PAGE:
Is it possible to use UUIDs to mount drives, rather than using these values in fstab?

I have a script which mounts devices, however there is no way to guarantee that the drive labels such as /dev/sda2 will always be the same.

I'm aware I can mount the drive at boot time using this method with fstab, however in the case of external disks, they may not always be present at boot time.

  • 3
    FYI having an entry in fstab does not mean you need the drive connected at boot time. mount will use the data in fstab when called.
    – rob
    Commented May 7, 2020 at 15:00

3 Answers 3


Yes it's possible, you just use the UUID option:

lsblk -o NAME,UUID
├─sdc1    A190-92D5
└─sdc2    A198-A7BC

sudo mount -U A198-A7BC /mnt


sudo mount UUID=A198-A7BC /mnt


sudo mount --uuid A198-A7BC /mnt

The mount --help:

 -L, --label      synonym for LABEL=
 -U, --uuid        synonym for UUID=
 LABEL=           specifies device by filesystem label
 UUID=             specifies device by filesystem UUID
 PARTLABEL=       specifies device by partition label
 PARTUUID=         specifies device by partition UUID
                 specifies device by path
              mountpoint for bind mounts (see --bind/rbind)
                   regular file for loopdev setup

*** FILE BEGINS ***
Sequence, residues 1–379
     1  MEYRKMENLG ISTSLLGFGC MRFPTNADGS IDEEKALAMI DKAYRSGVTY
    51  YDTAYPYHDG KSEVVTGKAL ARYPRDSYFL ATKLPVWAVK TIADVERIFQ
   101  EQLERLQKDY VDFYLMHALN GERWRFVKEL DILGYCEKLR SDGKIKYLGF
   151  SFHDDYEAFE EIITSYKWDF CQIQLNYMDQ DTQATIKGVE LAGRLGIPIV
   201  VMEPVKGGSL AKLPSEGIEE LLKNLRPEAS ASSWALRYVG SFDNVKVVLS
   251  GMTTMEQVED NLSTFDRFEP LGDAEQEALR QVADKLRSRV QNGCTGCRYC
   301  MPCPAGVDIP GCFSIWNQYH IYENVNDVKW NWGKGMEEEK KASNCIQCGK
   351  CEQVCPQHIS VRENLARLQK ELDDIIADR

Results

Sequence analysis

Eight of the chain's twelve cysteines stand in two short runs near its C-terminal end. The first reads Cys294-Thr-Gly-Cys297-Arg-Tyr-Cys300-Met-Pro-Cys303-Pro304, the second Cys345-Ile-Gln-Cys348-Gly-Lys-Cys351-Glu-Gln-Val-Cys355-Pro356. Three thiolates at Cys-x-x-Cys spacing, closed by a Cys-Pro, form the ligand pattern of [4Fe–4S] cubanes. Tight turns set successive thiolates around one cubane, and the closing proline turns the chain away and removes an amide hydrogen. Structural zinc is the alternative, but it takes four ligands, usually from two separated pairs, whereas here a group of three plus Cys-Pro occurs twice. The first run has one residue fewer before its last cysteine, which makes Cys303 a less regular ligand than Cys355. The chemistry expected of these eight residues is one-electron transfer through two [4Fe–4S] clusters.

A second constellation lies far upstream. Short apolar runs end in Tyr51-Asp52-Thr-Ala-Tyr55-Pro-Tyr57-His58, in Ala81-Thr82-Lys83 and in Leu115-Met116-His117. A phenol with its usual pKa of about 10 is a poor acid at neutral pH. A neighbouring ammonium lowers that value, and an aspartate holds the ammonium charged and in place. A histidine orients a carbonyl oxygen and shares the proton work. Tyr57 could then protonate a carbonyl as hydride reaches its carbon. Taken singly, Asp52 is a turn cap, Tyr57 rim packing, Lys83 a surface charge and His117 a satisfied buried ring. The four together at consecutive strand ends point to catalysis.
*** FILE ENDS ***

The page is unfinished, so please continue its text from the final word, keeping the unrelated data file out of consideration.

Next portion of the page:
• 2
    Linux is so great. Thanks, had no clue about these options Commented May 7, 2020 at 15:40

If you're interested in having an fstab entry for a drive which may not be present at boot time, you have two options which can help: noauto and nofail:

noauto: do not mount when "mount -a" is given (e.g., at boot time)

nofail: do not report errors for this device if it does not exist.

Imagine you have an fstab entry

UUID={YOUR-UID}    /mnt/data      ext4    defaults

If you add noauto to the options, the system will not attempt to mount the drive at boot time. You'll be able to mount it manually with mount /mnt/data.

If you add nofail, the system will try to mount the drive at boot time, but if the drive is not present the boot sequence will not be interrupted. You'll be able to mount the drive if you plug it later using mount /mnt/data.

  • 2
    I guess the advantage of this is that users can mount without sudo as well? Commented May 8, 2020 at 14:09
  • 2
    @user3728501 if you add user option in the options column, then yes.
    – Ruslan
    Commented May 9, 2020 at 23:02
  • @Ruslan Very nice, thanks Commented May 10, 2020 at 10:25

You can use the system-provided symlinks:

mount /dev/disk/by-uuid/{YOUR_UUID} /mnt

You must log in to answer this question.

Not the answer you're looking for? Browse other questions tagged .